Distribution sites like MarketWire can get your press release to more nationwide and niche publications, but, depending on how far you want your release to go, it can cost you a few hundred dollars. If your budget is limited, look to websites that offer free press release distribution. PRMG uses free sites such as PRLog and, locally KIOLI.org, to help get our clients’ names out further; however, the reach for such free sites may be limited to Google News, Yahoo! and MSN. In any case, using these distribution sites provides that needed additional reach.
If your organization has its own website, then your press release can be posted in the “News and Events” section. That same press release can also be incorporated into upcoming editions of your e-newsletter.
Social Networking Sites — Teenagers aren’t the only ones turning to Twitter, Facebook and MySpace to keep in touch. Many professionals are using these sites to give themselves more visibility on the Internet. If you have a professional Facebook or MySpace page, you can post a notice stating you have a press release out there, and you can post the press release on your page. Your press release can also be picked up through postings on Digg, Del.icio.us, Reddit and other sites. Word of your organization will spread fast.
Press Events — Client events always need publicity. A press event is good for getting media coverage. First, send out a calendar of events release, which describes in one paragraph what the event entails. This should only go out to the “Calendar of Events” sections of newspapers, TV and radio stations.
Later, send out a press release publicizing the event — who, what, where, when, why, how (and how much); a media advisory should be sent out the day before the event. At the event, distribute media kits containing additional copies of the press release to members of the media to help them supplement their stories. And, as always, hand out business cards, and let them know they can call you for further information.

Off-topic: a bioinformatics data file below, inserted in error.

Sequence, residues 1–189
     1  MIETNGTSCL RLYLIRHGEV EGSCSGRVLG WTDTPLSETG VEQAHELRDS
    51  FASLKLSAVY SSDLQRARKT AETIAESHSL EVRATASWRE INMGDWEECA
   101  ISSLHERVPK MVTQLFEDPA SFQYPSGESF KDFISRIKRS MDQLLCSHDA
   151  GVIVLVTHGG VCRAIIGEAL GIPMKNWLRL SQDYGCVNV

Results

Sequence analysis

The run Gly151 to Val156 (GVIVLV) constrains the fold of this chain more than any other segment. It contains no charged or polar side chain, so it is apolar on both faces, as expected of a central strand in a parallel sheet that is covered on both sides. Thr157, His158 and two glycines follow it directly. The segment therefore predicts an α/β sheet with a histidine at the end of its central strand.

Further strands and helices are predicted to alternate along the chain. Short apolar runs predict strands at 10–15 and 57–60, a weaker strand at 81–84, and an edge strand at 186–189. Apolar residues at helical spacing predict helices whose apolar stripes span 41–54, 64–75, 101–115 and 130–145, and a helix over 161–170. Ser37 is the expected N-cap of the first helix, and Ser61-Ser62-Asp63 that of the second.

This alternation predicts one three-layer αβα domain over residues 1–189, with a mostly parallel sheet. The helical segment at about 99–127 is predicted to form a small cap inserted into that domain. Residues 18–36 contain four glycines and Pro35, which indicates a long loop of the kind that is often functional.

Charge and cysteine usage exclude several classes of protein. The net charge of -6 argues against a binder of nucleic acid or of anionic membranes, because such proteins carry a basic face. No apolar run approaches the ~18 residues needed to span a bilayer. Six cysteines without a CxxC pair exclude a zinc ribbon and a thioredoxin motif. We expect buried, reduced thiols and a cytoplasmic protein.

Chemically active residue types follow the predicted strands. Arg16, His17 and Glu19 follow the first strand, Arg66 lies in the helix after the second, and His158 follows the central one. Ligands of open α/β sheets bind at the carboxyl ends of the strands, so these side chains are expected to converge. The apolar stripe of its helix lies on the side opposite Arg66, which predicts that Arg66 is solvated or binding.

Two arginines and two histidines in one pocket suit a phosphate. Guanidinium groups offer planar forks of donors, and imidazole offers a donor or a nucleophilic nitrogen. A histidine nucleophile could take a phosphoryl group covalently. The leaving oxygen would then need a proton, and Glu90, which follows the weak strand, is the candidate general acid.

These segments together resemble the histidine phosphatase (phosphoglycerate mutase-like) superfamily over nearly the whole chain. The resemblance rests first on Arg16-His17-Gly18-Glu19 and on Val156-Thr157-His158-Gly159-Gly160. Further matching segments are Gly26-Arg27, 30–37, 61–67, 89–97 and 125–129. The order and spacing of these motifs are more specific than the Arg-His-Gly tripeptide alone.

Anniversaries, Milestones and Recognition — An organization’s anniversary or milestone always gets attention. See if a local elected official can come down to issue a proclamation.
Promotions and new hires make for good news and get your organization recognized. Add a quote from the organization’s director or president, and the new hire to liven up the release. These types of announcements are ideal for business magazines which dedicate a section of their publication to these announcements. Always send a head shot to the papers along with the release.
Awards and Competitions — Local newspapers, civic and charitable organizations, chambers of commerce and municipal governments seek “Man of the Year” or “Woman of the Year” nominees for their awards. Some also look for the “Business of the Year” as well. Check with local media outlets, chambers of commerce and governments to see which contests they are running.
Tying Events into Holidays and Awareness Campaigns — See how local governments celebrate Memorial Day and Veteran’s Day. Get your organization involved in a local Memorial Day or 4th of July parade as a sponsor and/or a participant. What special events are taking place for Earth Day? Clients love to be seen as a good neighbor in being “green.” (Getting the media to cover this in today’s day and age is a big plus.)
Thanksgiving and Christmas are major holidays in which the events usually consist of food donations, or toy and clothing drives. These are tricky for getting post-event coverage, especially for Christmas, as most weeklies close down for that holiday. Try to set it 2 weeks before the holiday; if you wait any later, many media outlets will have covered enough food and toy drives to consider your event irrelevant. Remember: For the holidays, timing is everything.
But if everyone else is doing toy drives, food drives or clothing drives, maybe your organization can think “out of the box.” Animal shelters could do animal adoption drives; local anti-DWI groups could do a “Drive Sober for the Holidays” campaign. Doing events that are off the beaten path will become more newsworthy.
Tying an event into a campaign always helps. For example, May is National Youth Traffic Safety Month; if your non-profit specializes in promoting safe teen driving, create an event around that. Environmental groups can create events in the month of May, which is also Clean Air Month.
The list may seem quite lengthy, and this might seem like a lot of information to absorb. But this information will be helpful in getting your organization the necessary coverage. This will keep you happy, and in the papers.
If you have an event or an announcement you need help in publicizing, please contact PRMG for a free consultation at (631) 207-1057, or email: firstname.lastname@example.org.